Dr Simoes states: “Innovation of such cutting edge 3D models will enable extensive implementation in preclinical studies to meaningfully impact future cancer research to a point where it can effectively replace animals in cancer drug testing”.
The future of cancer research
It’s no longer cost effective or ethical for governments to keep using animals to tackle cancer, given that we now have human-focussed alternatives which will yield faster and more accurate results, more likely to benefit people. New approach methodologies hold great promise for personalised medicine in particular, where drug development and therefore cancer treatment can be tailored to patients’ specific cancer profiles. This means more effective treatments with fewer side effects.
There’s a growing demand from patients, scientists and the public for a push forward, and investment into, the development and validation of NAMs to ensure they are predictive of what will actually happen in patients. A small step but encouraging sign that marked the beginning of a transition towards a human-focused drug development was the recently passed FDA Modernisation Act 2.0 in the US, a bill authorising the use of certain alternatives to animal testing and a call to action to scientists to develop human-focussed tools. NAMs validation will establish their quality and safety and encourage more education, training and uptake. Their standardisation, through consensus from academia, industry, regulators and government policy makers will mean that NAMs are ultimately routinely implemented in cancer research and best practice is shared.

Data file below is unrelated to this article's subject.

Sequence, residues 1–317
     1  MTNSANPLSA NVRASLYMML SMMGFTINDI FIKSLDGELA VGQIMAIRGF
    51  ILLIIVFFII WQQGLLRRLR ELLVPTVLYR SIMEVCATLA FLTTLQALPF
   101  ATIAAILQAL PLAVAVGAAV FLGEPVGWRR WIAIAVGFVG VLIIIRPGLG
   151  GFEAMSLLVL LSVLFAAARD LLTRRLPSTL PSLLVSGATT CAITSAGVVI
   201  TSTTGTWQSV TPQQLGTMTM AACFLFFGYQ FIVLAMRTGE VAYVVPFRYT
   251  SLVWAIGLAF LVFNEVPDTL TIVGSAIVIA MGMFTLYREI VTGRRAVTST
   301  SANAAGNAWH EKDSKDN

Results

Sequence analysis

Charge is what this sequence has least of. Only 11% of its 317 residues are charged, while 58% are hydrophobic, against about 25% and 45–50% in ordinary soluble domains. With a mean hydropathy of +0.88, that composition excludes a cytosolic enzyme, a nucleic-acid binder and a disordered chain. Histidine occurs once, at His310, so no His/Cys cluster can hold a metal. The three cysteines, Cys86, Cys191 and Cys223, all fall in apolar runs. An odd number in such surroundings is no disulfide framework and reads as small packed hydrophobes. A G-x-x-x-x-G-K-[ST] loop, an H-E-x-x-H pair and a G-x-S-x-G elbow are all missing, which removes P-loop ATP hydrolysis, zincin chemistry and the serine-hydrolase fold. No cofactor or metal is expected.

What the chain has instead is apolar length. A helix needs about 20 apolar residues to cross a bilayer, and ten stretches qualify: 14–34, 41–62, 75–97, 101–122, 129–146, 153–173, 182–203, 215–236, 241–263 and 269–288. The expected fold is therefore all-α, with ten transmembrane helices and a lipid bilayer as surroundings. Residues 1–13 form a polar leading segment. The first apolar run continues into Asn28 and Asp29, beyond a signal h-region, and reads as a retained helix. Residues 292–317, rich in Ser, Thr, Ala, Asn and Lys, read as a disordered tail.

Embracing NAMs across the board will undoubtedly bring benefits for cancer patients sooner as well as ending the suffering for millions of animals.
Dr Lilas Courtot – Animal Free Research UK’s Science Manager who carried out post doctoral cancer research said “We are at a tipping point for cancer research and biomedical research more generally, where scientific relevance of NAMs and their predictive power are becoming obvious. Human-focused research needs to be widely embraced, as it holds the promise to revolutionise drug discovery and development, making these processes more reliable, time and cost effective, and ethical at last”